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The Biggest Mistake Ever Made by a Business Manager: Don’t Write Yourself Off as a Buyer So Quickly

 I get to meet all kinds of great managers.  Some of them own the business that they are running and others do not.  There often comes a time when the non-business owning manager needs to take charge of his or her future and I have realized that not many of them know how to do it.  As an investment banker, there is nothing worse than seeing someone pass up an opportunity that could have been life changing.  Worse, is when they pass it up and you know that in return they will probably lose their job.  I wish I could say that I’ve only seen this happen once, but that’s not the case.  Don’t be this person.  If you manage a business that you don’t own, you owe it to yourself to consult with an investment banker and think about your ability to buy the business you have grown.

The Biggest Mistake Ever Made by a Business Manager

 Brad is an enthusiastic manager and natural leader. Ever since our first meeting in 2007, you knew he had a real passion for his business.  He had recently been recruited to run this business for two absentee owners who had bought the business as an investment, but only came back from Florida for board meetings.  The owners didn’t have any interest in running the business, but they recruited Brad and he was great at it.  Brad had recently moved manufacturing locations, which was tough for production, but he managed through it.  He had added new customers and improved the sales function. 

Then 2008 happened and sales ground to a halt.  Like a pro, Brad right-sized the business and started to develop new relationships that didn’t require such long sales cycles.  When I visited Brad at the end of 2008, the business had stabilized.  By the beginning of 2009, the business was beginning to rebound.  It was at this point that I began to discuss with Brad a management buyout.  Brad had clearly created value for the business owners and I thought he should at least express his interest in buying the company to the absentee owners.


 Now Here’s Where Most Managers Stumble:


 1. They Think That They Personally Need to Find Millions of Dollars to Buy the Business

False.  There is a LOT of money available to help a manager buy a business, especially when that manager has grown the business and is committed to the future.  We will find you the money to make it happen.   This may seem like the scary part, but in reality it can be a way for you to create equity in the business while only having to put a small amount of your own capital into the transaction.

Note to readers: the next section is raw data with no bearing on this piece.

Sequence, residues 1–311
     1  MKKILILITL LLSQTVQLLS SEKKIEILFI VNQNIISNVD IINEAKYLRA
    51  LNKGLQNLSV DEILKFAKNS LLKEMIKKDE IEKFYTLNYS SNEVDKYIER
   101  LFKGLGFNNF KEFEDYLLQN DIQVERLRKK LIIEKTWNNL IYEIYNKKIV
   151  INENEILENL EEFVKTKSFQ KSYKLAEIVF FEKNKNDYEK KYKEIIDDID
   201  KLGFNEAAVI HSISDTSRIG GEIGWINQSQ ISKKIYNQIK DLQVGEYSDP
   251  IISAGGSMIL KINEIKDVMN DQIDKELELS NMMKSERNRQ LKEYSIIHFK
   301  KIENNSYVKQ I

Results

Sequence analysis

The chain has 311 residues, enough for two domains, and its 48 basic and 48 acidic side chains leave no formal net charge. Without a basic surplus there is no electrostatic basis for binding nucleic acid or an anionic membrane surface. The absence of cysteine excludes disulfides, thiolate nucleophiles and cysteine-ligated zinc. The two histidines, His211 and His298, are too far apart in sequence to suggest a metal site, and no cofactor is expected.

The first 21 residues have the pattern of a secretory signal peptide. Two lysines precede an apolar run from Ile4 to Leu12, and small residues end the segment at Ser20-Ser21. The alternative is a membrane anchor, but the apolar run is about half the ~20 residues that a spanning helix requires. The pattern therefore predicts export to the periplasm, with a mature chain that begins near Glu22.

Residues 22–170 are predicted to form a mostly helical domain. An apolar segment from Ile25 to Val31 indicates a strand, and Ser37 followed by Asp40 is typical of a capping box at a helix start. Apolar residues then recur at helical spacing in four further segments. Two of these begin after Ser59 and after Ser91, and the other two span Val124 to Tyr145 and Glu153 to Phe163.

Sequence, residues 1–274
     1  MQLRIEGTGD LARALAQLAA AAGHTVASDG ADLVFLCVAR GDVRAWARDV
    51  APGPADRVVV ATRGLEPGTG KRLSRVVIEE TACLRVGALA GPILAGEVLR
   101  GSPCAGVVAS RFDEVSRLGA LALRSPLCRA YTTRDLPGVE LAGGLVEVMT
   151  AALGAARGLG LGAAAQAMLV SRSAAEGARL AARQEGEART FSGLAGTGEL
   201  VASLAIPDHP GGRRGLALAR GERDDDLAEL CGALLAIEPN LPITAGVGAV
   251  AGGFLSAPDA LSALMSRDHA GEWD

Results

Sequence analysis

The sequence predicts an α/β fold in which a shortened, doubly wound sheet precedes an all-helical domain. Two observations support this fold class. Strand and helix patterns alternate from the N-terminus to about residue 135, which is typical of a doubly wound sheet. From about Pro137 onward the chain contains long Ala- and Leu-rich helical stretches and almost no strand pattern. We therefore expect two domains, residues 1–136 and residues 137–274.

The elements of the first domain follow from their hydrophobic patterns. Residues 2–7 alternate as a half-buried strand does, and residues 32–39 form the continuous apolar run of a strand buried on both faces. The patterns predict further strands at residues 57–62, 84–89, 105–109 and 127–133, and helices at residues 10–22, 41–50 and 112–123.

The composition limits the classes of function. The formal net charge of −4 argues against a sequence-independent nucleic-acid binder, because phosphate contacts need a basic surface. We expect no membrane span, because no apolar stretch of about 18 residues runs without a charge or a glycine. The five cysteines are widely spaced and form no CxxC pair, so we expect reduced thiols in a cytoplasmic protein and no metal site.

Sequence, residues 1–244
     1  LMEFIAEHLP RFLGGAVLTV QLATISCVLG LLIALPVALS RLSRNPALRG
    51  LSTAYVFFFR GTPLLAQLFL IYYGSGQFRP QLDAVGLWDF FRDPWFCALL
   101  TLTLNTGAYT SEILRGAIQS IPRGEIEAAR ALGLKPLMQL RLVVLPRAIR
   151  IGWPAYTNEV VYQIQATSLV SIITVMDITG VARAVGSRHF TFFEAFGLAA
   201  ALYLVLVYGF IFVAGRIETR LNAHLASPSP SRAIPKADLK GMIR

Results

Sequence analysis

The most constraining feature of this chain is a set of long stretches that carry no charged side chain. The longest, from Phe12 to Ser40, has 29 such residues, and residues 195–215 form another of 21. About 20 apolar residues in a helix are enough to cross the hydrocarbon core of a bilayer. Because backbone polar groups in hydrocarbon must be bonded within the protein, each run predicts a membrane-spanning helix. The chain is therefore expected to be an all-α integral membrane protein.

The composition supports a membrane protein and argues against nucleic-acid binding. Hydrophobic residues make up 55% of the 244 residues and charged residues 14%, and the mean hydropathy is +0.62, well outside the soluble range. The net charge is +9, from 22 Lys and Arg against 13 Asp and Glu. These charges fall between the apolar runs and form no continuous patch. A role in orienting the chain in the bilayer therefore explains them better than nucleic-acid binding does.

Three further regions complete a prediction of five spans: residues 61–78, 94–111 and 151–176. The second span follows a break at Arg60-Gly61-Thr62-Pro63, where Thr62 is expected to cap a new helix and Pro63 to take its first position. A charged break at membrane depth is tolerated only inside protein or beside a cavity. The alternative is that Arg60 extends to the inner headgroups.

2. They Talk to One Buddy Who Is in Private Equity

Bad Idea.  You really need someone to manage several relationships in this situation.  Not just one.  If you only go to one group, you may think you have financial backing to buy the business and mention it to the owners, but if that group backs away you have nothing to fall back on.  You need an investment banker to manage several of these relationships to make sure you are going down the right path with the right group.


And the Biggest Area Where Managers Really Fall Apart is…


3. They Believe That The Owners Will Think That they Are Disloyal

They Won’t If You Position It Correctly.  There is nothing disloyal about asking to buy the business that you have grown and nurtured.  You aren’t asking the owner to give the business to you, you are asking them to sell it to you for a real, market based price.  And if you think that they will want to sell it in the near future, having this conversation with them might even be a relief. 

And here’s where our story begins to become sad.  Brad believed that the business owners would react badly if he asked to buy the business.  In 2016, after seven years of outstanding performance and growth by Brad, the owners sold the business to a strategic buyer.  Brad was asked to participate in the due diligence of the sale process and was even promised a transaction bonus, but we all knew what the outcome would be.  A strategic buyer in the same industry as Brad, had no use for two CEOs.  Brad’s time at the company, that he so skillfully grew for the benefit of the owners, was limited and he was going to receive nothing that even came close to an equity-like return. 


If you are in a situation similar to Brad’s, have a conversation with an investment banker.  As a manager that has devoted many years to creating value for owners, you should be given the opportunity to try to purchase the business.  Business savvy owners should not see this as a manager being disloyal. Instead, they should see a manager that is willing to devote resources, personal risk and time into continuing to grow the business. 

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